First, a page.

To Read or Not to Read? There Is No Question

Being a full-time teacher, I fully understand the expectations of having to think about 2983 important matters at once: has Matthew made 6 steps of accelerated progress in writing since term 1? Did Lucy remember to go to her dentist appointment at 12.43pm on Tuesday? Why has this child not included any punctuation for parenthesis in her balanced argument? Did I remember to shut the front door when I left for work this morning? 

As hectic as teaching can be, there is one element which is the ultimate priority in my classroom: reading. An entire realm of magic available at the fingertips of our children. Our job – as educators, parents, families, friends – is to unlock the key to that realm, to enable the next generation to access any world they wish to find themselves in. Not such an easy feat: so how do we go about it?

1) Passion

Showing the children you are passionate about reading yourself is vital. Like anything, if we witter on about something half-heartedly, not only are we discouraging children from taking part, we are belittling its importance: something which should never happen when it comes to books. When we talk about reading, we should show our enthusiasm, our excitement. If we count down to the new release from our favourite author or show frustration when being left on a cliff-hanger, children will more than likely reciprocate our feelings and echo our love.

2) Breathe New Life into Your Bookshelves

To me, authors are magicians: they create entire worlds through a culmination of words on a page. Butterflies in your stomach, an increased heart-rate as the tension builds and the story unfolds… how can those little marks on paper evoke such heightened emotions? We all have our favourite authors in the classroom, the classics – the Roald Dahl’s, the Enid Blyton’s, the Michael Morpurgo’s. As incredible as these authors are, we must not forget to breathe new life into our bookshelves. What we enjoyed reading as a child might not be what hooks the next generation, and we need to involve the children in these choices.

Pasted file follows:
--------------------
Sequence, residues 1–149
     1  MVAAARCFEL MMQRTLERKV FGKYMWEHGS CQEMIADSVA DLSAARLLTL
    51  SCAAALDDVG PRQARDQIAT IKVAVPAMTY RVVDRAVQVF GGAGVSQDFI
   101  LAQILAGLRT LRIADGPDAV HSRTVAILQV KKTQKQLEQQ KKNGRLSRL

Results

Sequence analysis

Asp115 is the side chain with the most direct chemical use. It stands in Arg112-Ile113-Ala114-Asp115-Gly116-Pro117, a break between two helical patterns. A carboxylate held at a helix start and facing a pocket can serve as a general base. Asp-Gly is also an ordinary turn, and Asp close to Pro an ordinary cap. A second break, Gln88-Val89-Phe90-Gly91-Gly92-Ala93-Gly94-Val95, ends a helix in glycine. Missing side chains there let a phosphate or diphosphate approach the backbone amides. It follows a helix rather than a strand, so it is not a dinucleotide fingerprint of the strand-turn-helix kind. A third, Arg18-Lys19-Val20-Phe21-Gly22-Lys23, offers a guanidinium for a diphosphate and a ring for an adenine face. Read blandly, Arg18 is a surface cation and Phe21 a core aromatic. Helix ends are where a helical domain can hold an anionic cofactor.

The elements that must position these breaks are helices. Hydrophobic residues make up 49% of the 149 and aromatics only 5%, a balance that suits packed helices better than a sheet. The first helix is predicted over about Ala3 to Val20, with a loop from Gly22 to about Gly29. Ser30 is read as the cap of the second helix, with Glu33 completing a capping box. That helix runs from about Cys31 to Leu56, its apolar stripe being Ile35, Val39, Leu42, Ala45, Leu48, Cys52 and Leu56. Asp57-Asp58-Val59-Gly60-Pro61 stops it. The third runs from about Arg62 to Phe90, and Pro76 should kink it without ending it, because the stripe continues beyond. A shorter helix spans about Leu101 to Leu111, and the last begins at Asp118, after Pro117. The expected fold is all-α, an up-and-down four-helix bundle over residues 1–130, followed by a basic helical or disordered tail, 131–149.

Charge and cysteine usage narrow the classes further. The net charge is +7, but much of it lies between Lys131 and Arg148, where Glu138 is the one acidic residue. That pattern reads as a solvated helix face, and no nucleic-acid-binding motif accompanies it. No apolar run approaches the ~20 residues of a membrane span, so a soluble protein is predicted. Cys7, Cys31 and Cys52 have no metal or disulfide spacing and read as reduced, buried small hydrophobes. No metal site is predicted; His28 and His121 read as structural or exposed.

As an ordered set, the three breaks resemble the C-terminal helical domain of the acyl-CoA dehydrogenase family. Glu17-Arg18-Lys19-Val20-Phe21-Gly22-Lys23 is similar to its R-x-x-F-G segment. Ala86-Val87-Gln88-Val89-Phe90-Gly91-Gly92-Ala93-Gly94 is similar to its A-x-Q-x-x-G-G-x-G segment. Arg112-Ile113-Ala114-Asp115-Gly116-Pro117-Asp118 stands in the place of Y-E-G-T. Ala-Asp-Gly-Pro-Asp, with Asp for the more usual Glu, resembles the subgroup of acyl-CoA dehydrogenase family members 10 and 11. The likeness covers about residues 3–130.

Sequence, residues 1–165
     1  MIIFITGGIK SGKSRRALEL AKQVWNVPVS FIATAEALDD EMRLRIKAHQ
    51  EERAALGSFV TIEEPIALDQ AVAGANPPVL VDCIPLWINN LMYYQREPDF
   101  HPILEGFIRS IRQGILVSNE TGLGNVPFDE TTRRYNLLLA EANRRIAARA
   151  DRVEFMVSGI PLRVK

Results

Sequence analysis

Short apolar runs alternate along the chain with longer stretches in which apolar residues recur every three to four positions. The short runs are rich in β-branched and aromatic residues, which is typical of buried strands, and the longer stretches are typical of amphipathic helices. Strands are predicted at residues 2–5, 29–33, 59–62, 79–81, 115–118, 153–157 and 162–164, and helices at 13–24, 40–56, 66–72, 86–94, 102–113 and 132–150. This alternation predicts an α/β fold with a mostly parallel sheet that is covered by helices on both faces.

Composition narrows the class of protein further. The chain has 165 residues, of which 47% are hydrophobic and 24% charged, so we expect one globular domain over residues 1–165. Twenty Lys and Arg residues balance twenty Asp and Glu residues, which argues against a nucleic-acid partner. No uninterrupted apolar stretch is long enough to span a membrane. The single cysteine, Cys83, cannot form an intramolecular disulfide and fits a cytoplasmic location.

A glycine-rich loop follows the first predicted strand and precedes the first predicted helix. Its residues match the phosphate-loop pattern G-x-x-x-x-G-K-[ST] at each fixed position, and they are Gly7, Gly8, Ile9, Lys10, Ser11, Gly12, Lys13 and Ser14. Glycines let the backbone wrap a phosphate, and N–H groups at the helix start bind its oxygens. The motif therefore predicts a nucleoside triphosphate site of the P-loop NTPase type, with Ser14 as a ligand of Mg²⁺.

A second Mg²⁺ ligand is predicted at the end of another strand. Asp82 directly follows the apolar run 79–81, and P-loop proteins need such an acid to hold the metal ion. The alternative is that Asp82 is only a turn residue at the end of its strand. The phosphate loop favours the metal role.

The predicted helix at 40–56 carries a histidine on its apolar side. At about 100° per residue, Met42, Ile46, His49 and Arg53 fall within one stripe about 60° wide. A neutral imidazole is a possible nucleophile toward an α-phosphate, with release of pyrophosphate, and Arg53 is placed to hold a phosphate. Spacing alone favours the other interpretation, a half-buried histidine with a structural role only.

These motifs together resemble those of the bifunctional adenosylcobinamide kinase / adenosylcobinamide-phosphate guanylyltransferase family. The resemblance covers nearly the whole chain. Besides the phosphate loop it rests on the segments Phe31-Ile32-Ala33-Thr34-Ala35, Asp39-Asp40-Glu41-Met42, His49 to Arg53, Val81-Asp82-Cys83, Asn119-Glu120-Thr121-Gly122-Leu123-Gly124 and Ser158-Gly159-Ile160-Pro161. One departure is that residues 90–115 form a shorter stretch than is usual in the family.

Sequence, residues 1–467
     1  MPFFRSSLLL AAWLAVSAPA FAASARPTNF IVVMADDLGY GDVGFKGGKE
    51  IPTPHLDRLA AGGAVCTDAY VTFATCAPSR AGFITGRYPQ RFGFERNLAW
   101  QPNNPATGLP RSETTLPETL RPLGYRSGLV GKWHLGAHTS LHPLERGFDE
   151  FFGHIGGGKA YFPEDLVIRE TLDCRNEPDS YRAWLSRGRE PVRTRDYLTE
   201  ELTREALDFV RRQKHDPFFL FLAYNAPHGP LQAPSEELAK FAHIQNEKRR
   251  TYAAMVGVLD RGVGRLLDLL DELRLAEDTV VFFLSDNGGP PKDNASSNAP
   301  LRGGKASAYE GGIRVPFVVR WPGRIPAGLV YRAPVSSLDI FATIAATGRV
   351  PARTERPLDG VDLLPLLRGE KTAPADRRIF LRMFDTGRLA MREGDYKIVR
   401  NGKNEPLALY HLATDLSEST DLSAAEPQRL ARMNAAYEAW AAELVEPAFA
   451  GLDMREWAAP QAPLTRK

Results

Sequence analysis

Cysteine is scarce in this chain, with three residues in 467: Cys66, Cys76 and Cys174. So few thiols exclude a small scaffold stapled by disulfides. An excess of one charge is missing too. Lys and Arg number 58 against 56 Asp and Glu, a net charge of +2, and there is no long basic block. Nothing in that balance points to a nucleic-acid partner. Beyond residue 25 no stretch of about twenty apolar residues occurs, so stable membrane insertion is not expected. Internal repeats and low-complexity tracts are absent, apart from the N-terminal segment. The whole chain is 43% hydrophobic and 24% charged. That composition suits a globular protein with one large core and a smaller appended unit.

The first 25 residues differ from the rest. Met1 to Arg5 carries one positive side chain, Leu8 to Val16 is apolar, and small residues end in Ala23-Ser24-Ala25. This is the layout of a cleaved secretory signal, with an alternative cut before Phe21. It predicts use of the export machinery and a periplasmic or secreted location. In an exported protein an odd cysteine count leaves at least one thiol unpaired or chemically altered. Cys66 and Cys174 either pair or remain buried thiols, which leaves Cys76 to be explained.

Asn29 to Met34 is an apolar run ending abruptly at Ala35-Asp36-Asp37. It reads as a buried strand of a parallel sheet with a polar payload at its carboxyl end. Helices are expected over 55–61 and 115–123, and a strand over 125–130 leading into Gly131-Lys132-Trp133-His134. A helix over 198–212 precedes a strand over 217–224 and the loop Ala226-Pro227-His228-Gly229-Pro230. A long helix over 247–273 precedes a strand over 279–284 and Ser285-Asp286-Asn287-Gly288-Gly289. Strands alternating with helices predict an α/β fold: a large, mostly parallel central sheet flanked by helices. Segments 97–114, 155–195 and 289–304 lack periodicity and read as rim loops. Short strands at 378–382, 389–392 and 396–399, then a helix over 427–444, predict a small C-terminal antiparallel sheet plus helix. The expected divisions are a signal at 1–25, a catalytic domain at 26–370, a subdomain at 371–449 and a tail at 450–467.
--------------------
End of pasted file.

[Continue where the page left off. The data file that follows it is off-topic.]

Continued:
Children are most engaged with books when they get to choose a selection themselves, so if possible, budget for this. Provide each year group with a small pot of money, research some new releases or current favourites and send off the order (however be prepared for 30 voices asking if the delivery is in, every day for the next 2 weeks).  

Don’t be afraid to take risks! You might not have read every new release on Waterstone’s website, but they must be there for a reason. Research new authors with the children; go on that journey of discovery with them and you never know which books may end up on your bookshelves. 

3) Talk About Books!

Conversation: not only a life skill, but an essential part of our reading world. Encouraging children to discuss their favourite books, their favourite authors – not only does it provide the opportunity for them to talk books, it gives them time to talk. To have free-flowing conversations where they can show excitement, provide their opinion and listen to others. These are basic skills in our adult lives that not all children are exposed to at home, so it’s our job to provide it in the classroom. 

4) Read to Your Children

Just like anything, we teach one another a new skill through modelling: what makes reading any different? Not only should we listen to our children read, but it is crucial they listen to us. Hearing the accents, intonation, expression in narrative – none of these skills can be achieved through blindly tackling page after page as a child. Choose a book which even as an adult, you love. Your passion and enthusiasm for the words on that page will bounce off the walls of your classroom and be absorbed by the children in front of you. Choose the right book, and who knows, you might create a memory that those children will never forget. 

And Most Importantly?

Live, breathe and love books.

If you enjoyed ready about Rebecca's views on reading, then you may be interested in reading Mindfulness - Medicine for the Mind, a blog by an Early Years teacher about wellbeing in children and how you can help them with it.

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